• You are a public housing renter and are no longer eligible for public housing [section 91ZZE].

It is important to note that even though you have a right to give a reduced notice period if the rental provider has given you one of these notices to vacate, you may not necessarily have to move out.  See our pages Notice to vacate and Eviction for more information

Notice before the end of an agreement

If you have a fixed term rental agreement and you want, or need, to end your agreement early you may be able to do so in a way that you are not asked to pay ‘lease break’ costs.

If you are unsure if your situation would allow you to give one of the following notices, you may be able to apply to VCAT to ask for orders that you can end your rental agreement before the end of the fixed term. See Apply to VCAT on this page.

Property is unfit, unsafe or unavailable — before you move in

If you have entered into a rental agreement, but have not yet moved in, you can give notice that you are immediately terminating your rental agreement if you find any of the following problems with the property.  It:

  • Is not in good repair
  • Is unfit for human habitation
  • Is destroyed, either totally or to an extent that makes it unsafe
  • Is not vacant
  • Is not legally available for use as a home
  • Does not meet any of the rental minimum standards
  • For any other reason is unavailable for occupation [section 91L]

Note that there is a high threshold for terminating your agreement this way. If the rental provider does not agree you are able to terminate your agreement for one of these reasons they may try to claim ‘lease break’ costs from you.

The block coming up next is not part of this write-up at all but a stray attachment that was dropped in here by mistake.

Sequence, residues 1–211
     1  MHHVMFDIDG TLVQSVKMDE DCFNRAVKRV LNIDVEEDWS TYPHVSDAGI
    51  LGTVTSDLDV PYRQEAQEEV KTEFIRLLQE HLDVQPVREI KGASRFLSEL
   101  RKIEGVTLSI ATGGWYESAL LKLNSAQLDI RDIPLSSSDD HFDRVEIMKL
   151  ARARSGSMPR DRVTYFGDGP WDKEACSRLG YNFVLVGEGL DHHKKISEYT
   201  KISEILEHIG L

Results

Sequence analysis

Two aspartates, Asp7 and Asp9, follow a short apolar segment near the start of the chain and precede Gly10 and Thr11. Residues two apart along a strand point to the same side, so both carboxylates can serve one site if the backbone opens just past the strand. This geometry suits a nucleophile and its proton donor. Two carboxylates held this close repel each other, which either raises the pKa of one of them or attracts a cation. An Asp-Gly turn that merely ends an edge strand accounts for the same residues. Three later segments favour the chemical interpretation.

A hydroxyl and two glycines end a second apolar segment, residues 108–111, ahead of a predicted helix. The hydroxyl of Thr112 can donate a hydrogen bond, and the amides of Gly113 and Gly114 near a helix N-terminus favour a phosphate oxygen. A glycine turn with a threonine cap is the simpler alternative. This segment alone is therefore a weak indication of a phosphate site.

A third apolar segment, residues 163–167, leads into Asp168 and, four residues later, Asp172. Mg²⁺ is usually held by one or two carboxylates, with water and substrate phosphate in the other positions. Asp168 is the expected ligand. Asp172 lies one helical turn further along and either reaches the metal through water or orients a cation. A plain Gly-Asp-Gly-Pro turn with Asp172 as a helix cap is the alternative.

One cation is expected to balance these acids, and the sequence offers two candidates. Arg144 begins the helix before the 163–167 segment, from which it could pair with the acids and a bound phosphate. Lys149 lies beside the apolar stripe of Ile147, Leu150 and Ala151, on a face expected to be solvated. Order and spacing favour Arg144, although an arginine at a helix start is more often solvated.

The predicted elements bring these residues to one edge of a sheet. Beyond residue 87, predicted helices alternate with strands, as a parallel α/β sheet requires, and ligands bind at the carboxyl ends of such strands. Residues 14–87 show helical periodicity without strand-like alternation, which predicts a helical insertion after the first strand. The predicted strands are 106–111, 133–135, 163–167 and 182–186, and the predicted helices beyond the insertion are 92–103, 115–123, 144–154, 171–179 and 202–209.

They may also try to claim ‘lease break’ costs from you if try to terminate your agreement this way, but they believe you have already moved into the property: for example, if you have started sleeping there.

To defend against any such claim you should make sure you have sufficient evidence to support your position that the property is in such poor repair that you cannot move in, or that it is destroyed, unsafe, unfit for human habitation, does not meet minimum standards or that you cannot move in for any of the other reasons in the list above.

Take photos or videos of anything that supports your notice to terminate the agreement as well as any communications you have had with the rental provider or agent, such as emails and phone logs. It may also be helpful to get reports from specialists such as electricians or engineers, though you will likely need to pay for these yourself and they can be expensive.